In California, arraignments are generally the first time that a criminal defendant makes their appearance in court. Every arraignment is slightly different because no two cases and no two courts are exactly the same. If you are facing misdemeanor criminal charges in California and want to learn more about what happens at an arraignment, I have video on my Youtube channel about it. Depending on the particular court you’re in, the judge you’re in front of, etc, you may have the option of doing something called a Clerk’s Arraignment instead. It is what it sounds like — you get arraigned in front of a court clerk (i.e. a non-judge who just works for the court) as opposed to an actual judge or court commissioner. Some of you might be going ‘Whoa, what? Is that legal?’ The answer is that it is, but – in my experience at least – it is not common. I would guess that I encounter it less than 10% of the time on misdemeanor cases. All of those are on cases where the defendant has his or her own attorney (i.e. not the public defender). I have never seen a Clerk’s Arraignment done in a case where the defendant is appearing without a lawyer. If you have, leave me a comment down below. There are many reasons why a Clerk’s Arraignment might be done. One is speed. For the vast majority of misdemeanor cases, arraignment is routine and uneventful for an attorney to do. Additionally, misdemeanors are very common so it is not unusual for an attorney to wait in line for 45 or more...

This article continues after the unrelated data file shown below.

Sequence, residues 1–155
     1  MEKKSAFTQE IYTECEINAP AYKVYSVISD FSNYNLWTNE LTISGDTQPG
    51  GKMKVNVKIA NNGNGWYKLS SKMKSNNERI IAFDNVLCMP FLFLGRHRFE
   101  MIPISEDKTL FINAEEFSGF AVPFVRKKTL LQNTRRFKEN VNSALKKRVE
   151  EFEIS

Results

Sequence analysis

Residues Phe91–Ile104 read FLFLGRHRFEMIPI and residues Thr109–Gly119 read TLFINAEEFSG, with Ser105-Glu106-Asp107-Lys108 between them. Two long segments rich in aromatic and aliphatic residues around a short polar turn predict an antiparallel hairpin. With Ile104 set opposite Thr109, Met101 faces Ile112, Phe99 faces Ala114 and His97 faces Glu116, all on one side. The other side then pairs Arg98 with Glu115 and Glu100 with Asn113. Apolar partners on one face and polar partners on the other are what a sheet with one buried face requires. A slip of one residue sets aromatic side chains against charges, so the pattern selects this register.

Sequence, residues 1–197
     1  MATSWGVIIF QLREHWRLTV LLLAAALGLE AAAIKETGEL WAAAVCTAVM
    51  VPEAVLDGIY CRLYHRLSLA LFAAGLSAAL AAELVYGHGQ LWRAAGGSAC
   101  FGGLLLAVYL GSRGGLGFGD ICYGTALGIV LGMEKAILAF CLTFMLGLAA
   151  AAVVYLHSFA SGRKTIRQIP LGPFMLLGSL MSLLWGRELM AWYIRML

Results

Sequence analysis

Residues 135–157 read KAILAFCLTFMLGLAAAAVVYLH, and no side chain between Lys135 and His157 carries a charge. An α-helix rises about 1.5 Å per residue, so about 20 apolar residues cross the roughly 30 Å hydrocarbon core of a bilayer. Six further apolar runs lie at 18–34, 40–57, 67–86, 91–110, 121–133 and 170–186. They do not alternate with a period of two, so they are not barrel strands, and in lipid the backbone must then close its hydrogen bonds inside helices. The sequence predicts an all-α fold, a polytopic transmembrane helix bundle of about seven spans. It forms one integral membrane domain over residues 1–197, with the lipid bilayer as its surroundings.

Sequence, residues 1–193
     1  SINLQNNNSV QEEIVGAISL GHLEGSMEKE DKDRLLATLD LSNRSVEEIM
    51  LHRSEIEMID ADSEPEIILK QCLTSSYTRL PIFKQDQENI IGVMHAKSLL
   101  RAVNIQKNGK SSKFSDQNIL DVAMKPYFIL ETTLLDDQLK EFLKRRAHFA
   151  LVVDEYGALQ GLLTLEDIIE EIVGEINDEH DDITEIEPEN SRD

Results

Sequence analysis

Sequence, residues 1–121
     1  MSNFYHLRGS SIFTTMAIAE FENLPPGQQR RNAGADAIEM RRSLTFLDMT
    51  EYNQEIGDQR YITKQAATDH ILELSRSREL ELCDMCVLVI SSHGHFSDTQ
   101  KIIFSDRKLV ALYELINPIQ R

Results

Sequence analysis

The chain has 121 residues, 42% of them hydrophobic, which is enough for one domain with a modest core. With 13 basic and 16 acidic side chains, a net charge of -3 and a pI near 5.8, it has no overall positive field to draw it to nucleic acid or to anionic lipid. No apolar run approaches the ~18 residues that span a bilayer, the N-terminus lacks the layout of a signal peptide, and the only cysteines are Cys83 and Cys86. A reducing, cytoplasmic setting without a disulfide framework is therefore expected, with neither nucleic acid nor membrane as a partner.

Law School Help: California Criminal – Carjacking

I’m guessing a lot of you know what carjacking is — namely, the stealing of a car from another’s possession. I might be wrong, but I think carjacking started happening in the 1980s or so in California when those wanting to steal a vehicle realized that stealing a parked vehicle with no keys was rather difficult. Stealing a vehicle that had been unlocked and started by the owner was much easier and all the thief had to do was threaten the owner. Anyway, in California, the criminal offense of carjacking is defined in California Penal Code section 215(a) which states: “‘Carjacking’ is the felonious taking of a motor vehicle in the possession of another, from his or her person or immediate presence, or from the person or immediate presence of a passenger of the motor vehicle, against his or her will and with the intent to either permanently or temporarily deprive the person in possession of the motor vehicle of his or her possession, accomplished by means of force or fear.” Clearly this is a mouthful, but if you break it down, the basic elements of a carjacking are: the taking by means of force or fear of a motor vehicle that is in the possession of another,┬áincluding a passenger of the motor vehicle from the person or the immediate presence of that other, against the will of the possessor with the intent to deprive the possessor of their possession of said vehicle Each of these elements could, in theory, be the source of disagreement between the prosecution and the defense. For instance, the prosecution might say the vehicle...